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23/04/2006 | Russia: Pipeline Monopolies Stymie Infrastructure Improvement

Stratfor Staff

Russia's oil and natural gas pipeline infrastructure badly needs improvement. Paradoxically, inefficient pipelines are being financed with state money, while those that would make sense are not being built.

 

Foreign investors will not fund needed pipeline improvements because of the actions of Russia's state-owned pipeline monopolies, Gazprom and Transneft, which have deterred investment by their refusal to grant control proportionate to the financing foreign investors might provide. The monopolies' influence on Russian policy is likely to increase, thus continuing to discourage investment. Meanwhile, Russia's neighbors have taken advantage of foreign investment, and have planned and completed pipelines of their own.


Russia needs new oil and natural gas pipelines; it also needs to shore up its deteriorating infrastructure. It also needs funds for these projects. Gazprom and Transneft, the state-controlled natural gas and oil pipeline monopolies charged with carrying out such projects, are busy promoting inefficient projects supported by state money and deterring the foreign investment needed for more feasible projects, however.

Foreign investors have encountered increasing difficulties dealing with the two Russian monopolies. More and more, the terms presented to them lately have sounded like ultimatums. Capital-starved Gazprom badly needs foreign investment, but its demands to have control of potential projects without making proportionate financial contributions have thwarted foreign participation. Its usual pattern is to have foreign investors finance joint projects, while Gazprom retains a majority stake. Gazprom says it repays its partners with tax breaks, but that usually means that if the foreigners do not comply, Gazprom would push them out of the project by using its influence with the Russian government to exert pressure on them.

 

Take, for example the proposed Northern European Gas Pipeline (NEGP), which would transport Russian natural gas to Germany without going through troublesome Ukraine . Political considerations determined the route -- namely, the desire to give Germany a direct source of energy -- rather than cost effectiveness. With its low preliminary estimate of $5 billion, NEGP looked like the ultimate solution to Germany's energy problems, and enjoyed wide political support. Even assuming the pipeline could be built at that cost, however, it hardly constituted a dream solution for Germany, since it would make it reliant on Russia for 80 percent of its natural gas. True to form, Gazprom has hesitated to grant its German partners a control over the project commensurate with their investment. With estimates of NEGP's final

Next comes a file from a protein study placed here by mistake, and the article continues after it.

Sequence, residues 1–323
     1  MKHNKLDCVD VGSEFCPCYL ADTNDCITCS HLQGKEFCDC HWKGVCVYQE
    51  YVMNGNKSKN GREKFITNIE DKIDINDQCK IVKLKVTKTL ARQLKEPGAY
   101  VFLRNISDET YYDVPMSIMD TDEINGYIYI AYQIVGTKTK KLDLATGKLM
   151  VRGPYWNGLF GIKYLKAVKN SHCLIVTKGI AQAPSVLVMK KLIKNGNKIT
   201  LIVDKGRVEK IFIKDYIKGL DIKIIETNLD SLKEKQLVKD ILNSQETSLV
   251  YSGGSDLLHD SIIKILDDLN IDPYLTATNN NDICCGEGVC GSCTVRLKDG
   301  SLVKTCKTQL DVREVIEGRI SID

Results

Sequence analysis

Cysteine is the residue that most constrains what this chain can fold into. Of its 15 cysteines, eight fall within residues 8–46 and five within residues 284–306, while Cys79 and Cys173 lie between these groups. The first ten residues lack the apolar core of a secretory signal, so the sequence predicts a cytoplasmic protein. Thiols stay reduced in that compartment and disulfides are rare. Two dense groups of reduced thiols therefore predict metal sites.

costs now rising upward of $20 billion (not counting the cost of developing the giant offshore Shtokman field needed to supply the pipeline), Gazprom's German partners fear they will be stuck with the bill. Not surprisingly, the Germans are not pleased with the prospect.

Gazprom's minimum investment in updating its technology and skills constitutes yet another reason partnering with the Russian monopoly is difficult, since Gazprom expects its foreign partners to provide modern equipment as well as to train its personnel.

Gazprom also has been a difficult partner in the proposed Russia-China natural gas pipeline, which originates near the giant Kovykta deposit. It has stalled the project by not finalizing agreements with the Russian-British joint venture TNK-BP because Gazprom desires to protect its export monopoly, as well as to retain control of as much of Russia's natural gas as possible. Even though agreements have been reached with Chinese partners, the pipeline might not be completed. In any case, the Chinese have learned not to rely completely on Russia, and to seek alternative sources of